Vermögensverteilung; Renten; Datenqualität; Subjektives Wohlbefinden; Schweiz; Deutschland; Längsschnittanalyse; Vermögensungleichheit; Migration; Soziale Ungleichheit
Ravazzini Laura, Kuhn Ursina, Brulé Gaël, Suter Christian (2019), Comparison of survey data on wealth in Switzerland, in Journal of Economic and Social Measurement
, 44(1), 25-55.
Brulé Gaël, Ravazzini Laura (2019), The Four Forms of Wealth and Happiness: How Different Forms of Wealth Affect the Subjective Well-being of the Elderly in Europe, in Suter Christian, Brulé Gaël (ed.), Springer, Cham, 199-219.
BruléGaël, SuterChristian (2019), Wealth(s) and Subjective Well-Being
, Springer, Cham.
Brulé Gaël, Suter Christian (2019), Why Wealth Matters More Than Income for Subjective Well-being?, Springer, Cham, 1-13.
KuhnUrsina, BruléGaël (2018), Buffering Effects for Negative Life Events: The Role of Material, Social, Religious and Personal Resources, in Journal of happiness studies
, 20(5), 1397-1417.
SuterChristian, Ravazzini Laura (2018), An intergenerational perspective on the risk of poverty: integrating wealth to measure poverty, in Meeting on Measuring Poverty and Inequality
, UNECE, Geneva.
Kuhn Ursina, Grabka Markus (2018), Homeownership and Wealth in Switzerland and Germany, in Farago Peter, Voorpostel Marieke, Tillman Robin (ed.), Springer, Cham, 175-185.
Ravazzini Laura, Kuhn Ursina (2018), Wealth, Savings and Children among Swiss, German and Australian Families, in Farago Peter, Voorpostel Marieke, Tillman Robin (ed.), Springer, Cham, 161-174.
, Household income and wealth among people with a migration background. A comparative perspective of Switzerland and Germany, Bundesamt für Statistik, Neuchâtel, ?-?.
Brulé Gaël, Ravazzini Laura, Suter Christian, Inégalités de patrimoine et bien-être subjectif chez les seniors en Europe, in Revue Européenne des Sciences Sociales
, 57(2), 81-110.
Halbmeier Christoph, Grabka Markus, Wealth Changes and Their Impact on Subjective Well-Being, Springer, Cham, 401-414.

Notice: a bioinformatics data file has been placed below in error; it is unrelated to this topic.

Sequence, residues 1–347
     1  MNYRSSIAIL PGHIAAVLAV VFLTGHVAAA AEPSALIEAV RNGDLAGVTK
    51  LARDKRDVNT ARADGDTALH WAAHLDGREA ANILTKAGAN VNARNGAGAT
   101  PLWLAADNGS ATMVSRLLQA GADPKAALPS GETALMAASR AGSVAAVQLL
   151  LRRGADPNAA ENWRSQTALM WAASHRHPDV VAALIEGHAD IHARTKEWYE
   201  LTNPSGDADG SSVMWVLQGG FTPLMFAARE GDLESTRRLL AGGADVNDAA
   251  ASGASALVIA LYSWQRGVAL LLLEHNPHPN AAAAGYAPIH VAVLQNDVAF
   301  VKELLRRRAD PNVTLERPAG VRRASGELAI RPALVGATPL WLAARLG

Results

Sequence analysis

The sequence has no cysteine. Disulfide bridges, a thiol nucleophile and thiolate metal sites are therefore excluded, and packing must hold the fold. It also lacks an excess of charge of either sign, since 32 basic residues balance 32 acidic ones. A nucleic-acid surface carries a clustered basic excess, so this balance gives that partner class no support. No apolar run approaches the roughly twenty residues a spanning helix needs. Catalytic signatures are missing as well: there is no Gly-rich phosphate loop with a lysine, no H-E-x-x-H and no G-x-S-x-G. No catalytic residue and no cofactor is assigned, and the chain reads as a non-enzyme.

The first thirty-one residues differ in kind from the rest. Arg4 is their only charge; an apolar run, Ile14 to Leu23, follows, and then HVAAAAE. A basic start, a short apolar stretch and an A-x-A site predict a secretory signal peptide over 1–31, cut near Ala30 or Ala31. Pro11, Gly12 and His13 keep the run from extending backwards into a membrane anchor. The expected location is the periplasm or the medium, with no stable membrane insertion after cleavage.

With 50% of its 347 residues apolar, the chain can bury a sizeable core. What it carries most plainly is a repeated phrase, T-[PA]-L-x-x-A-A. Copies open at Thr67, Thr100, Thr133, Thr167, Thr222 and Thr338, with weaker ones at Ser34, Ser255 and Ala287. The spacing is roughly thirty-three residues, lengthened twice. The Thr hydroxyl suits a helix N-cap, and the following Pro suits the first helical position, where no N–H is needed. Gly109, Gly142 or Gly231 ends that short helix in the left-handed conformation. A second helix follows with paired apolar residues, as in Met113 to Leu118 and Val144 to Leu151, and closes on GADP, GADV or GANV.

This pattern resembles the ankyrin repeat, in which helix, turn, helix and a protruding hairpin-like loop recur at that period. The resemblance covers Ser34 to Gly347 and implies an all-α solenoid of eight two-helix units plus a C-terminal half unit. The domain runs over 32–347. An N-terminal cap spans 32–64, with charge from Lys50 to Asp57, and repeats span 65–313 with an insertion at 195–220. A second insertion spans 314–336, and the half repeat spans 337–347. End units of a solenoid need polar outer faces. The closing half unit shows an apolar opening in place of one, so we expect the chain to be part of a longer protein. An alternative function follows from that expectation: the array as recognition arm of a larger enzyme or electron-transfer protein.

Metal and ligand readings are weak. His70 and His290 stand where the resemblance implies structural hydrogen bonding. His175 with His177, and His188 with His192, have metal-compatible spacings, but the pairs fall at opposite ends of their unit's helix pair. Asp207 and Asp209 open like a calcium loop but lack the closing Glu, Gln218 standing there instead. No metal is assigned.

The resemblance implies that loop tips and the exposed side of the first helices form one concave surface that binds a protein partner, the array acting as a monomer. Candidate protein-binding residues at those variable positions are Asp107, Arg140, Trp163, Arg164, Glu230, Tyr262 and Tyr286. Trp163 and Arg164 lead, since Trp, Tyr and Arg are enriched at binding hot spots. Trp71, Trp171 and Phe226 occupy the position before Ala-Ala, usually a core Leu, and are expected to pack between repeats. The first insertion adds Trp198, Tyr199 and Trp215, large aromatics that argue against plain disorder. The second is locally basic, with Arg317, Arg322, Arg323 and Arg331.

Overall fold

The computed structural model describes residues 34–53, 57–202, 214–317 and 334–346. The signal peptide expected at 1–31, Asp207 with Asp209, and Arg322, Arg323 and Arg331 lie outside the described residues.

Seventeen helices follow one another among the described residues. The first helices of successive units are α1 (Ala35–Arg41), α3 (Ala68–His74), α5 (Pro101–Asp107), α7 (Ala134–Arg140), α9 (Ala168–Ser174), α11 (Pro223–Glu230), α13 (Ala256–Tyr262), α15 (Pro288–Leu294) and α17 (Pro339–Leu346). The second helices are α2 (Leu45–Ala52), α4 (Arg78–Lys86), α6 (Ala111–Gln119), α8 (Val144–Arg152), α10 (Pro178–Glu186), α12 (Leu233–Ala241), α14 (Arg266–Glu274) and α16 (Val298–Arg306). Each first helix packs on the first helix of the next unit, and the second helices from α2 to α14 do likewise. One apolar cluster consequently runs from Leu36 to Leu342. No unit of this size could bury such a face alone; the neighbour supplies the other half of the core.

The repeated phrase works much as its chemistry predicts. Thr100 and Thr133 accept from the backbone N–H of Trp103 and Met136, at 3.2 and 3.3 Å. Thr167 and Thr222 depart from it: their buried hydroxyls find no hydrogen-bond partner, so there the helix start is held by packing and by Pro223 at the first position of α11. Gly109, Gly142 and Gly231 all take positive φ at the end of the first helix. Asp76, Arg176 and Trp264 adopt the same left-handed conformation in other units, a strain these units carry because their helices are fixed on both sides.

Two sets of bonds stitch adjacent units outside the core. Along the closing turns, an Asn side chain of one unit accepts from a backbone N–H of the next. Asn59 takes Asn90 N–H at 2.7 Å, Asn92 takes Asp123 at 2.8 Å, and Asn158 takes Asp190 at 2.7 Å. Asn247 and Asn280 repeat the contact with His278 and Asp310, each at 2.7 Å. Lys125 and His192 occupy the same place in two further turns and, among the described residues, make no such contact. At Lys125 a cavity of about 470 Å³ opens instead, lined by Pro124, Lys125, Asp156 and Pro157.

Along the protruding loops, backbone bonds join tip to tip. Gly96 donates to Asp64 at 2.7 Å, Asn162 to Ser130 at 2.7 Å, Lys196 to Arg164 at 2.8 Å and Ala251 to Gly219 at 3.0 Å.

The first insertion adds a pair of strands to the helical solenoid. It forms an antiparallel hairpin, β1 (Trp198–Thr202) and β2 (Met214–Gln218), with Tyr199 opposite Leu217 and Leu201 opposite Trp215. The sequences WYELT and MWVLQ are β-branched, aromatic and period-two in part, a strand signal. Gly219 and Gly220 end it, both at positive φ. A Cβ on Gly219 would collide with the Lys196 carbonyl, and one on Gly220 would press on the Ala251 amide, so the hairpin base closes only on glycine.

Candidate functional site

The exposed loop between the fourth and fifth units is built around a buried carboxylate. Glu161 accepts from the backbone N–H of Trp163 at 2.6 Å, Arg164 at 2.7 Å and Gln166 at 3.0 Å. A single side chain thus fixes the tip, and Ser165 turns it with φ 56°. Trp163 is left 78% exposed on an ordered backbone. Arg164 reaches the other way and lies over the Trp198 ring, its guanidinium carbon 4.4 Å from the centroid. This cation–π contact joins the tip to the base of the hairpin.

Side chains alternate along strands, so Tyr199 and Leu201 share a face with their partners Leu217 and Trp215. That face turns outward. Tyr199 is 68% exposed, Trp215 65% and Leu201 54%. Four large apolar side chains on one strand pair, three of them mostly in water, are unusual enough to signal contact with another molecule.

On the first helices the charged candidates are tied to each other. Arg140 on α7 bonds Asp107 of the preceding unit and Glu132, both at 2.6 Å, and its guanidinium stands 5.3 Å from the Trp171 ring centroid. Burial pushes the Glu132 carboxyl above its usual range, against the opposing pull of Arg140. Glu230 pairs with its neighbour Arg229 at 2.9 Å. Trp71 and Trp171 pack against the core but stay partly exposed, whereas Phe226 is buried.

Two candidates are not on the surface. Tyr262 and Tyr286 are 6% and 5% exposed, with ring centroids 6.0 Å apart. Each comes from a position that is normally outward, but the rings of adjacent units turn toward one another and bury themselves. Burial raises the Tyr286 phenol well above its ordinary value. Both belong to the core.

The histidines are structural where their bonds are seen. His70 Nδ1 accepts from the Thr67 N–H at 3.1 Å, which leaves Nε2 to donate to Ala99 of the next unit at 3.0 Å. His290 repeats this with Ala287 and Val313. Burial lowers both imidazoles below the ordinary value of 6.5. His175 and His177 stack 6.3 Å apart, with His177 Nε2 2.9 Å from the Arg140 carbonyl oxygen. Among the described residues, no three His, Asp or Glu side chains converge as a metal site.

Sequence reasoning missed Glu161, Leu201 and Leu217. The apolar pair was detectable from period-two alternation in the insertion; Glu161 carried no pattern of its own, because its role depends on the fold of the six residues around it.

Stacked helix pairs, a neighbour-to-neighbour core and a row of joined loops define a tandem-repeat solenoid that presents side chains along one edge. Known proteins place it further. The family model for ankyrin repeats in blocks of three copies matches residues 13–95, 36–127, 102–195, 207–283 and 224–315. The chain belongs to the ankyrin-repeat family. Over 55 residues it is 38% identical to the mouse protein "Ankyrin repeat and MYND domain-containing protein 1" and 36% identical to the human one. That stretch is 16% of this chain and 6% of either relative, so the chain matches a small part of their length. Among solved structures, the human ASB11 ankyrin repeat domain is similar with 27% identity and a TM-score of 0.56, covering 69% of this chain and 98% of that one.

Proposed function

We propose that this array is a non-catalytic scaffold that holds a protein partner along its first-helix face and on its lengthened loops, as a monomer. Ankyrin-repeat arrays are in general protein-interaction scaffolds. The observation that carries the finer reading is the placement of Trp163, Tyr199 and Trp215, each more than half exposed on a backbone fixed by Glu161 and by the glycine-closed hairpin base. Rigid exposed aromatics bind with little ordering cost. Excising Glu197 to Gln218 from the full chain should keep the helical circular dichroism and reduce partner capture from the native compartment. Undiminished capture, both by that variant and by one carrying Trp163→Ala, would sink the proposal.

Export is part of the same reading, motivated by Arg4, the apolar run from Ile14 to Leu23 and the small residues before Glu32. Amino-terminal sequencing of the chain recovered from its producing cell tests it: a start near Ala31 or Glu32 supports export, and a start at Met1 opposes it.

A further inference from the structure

The issue of wealth distribution has received increasing attention over the past years, both within social sciences research and the broader public. Besides the issue of wealth inequality, wealth is a key resource in modern societies and a central dimension of economic and subjective well-being (SWB). There is however a stricking lack of research based on survey and micro data, particularly in Switzerland, where research on wealth relied so far almost uniquely on tax records. The new availability of survey data in Switzerland including wealth information (notably CH-SILC, Swiss Household Panel (SHP), CH-SHARE) provides the opportunity for an in-depth analysis and for assessing the quality and the limits of the different survey data. The central aims of this D-A-CH project are (1) to assess the quality of survey data on wealth, (2) to document the relevance of pension entitlements, (3) to study the impact of migration and life events on wealth and wealth mobility, and (4) to analyse the impact of wealth on SWB. Adopting a comparative approach, we focus on Germany and Switzerland. More precisely, the proposed project consists of four research axes: Axis 1 deals with the quality of wealth data comparing different surveys in Switzerland. The remaining axes compare Germany and Switzerland. Axis 2 assesses the impact of pension entitlements on the wealth distribution, the third axis investigates the role of life-events and migration on distribution of wealth and on wealth mobility, whereas the axis 4 examines the impact of different wealth components on the dimensions of SWB. Comparative analyses will mostly rely on data from the German Socio-Economic Panel study (SOEP), SHP and CH-SILC. The German team will take the lead for Axis 2, the Swiss team for Axes 1 and 4, while Axis 3 will be carried out in close cooperation (lead depending on the subpart). The estimation of pension entitlements in Switzerland will rely on record linkage and simulation for Switzerland, and on information collected from respondents by the SOEP in Germany. For data analysis we will rely on different quantitative methods, most importantly descriptive statistics, regression (linear, non-linear, quantile) and inequality decomposition.The research of the proposed D-A-CH project is original in four respects: First, this project proposes a novel comparative perspective for wealh issues. Germany and Switzerland have many similarities (low share of house owners, economic evolution) which facilitates studying the impact of key differences (migration, tax scheme). Second, this project compares different Swiss surveys on wealth evaluating their validity, reliability and consistency. Third, the project will provide empirical evidence to what extent the highely unequal wealth distribution in Switzerland and Germany can be attributed to the ignorance of pension entitlements in previous research. Fourth, the chance to have longitudinal panel data in both countries offers interesting opportunities, in particular to study wealth mobility, the effect of life events and a better treatment of causaility and endogeneity.This D-A-CH-project brings synergies by combining competences and knowledge of the two teams. Summing up, it will contribute to a more precise measurement of wealth in rich countries and to a better understanding of the distribution and dynamics of wealth.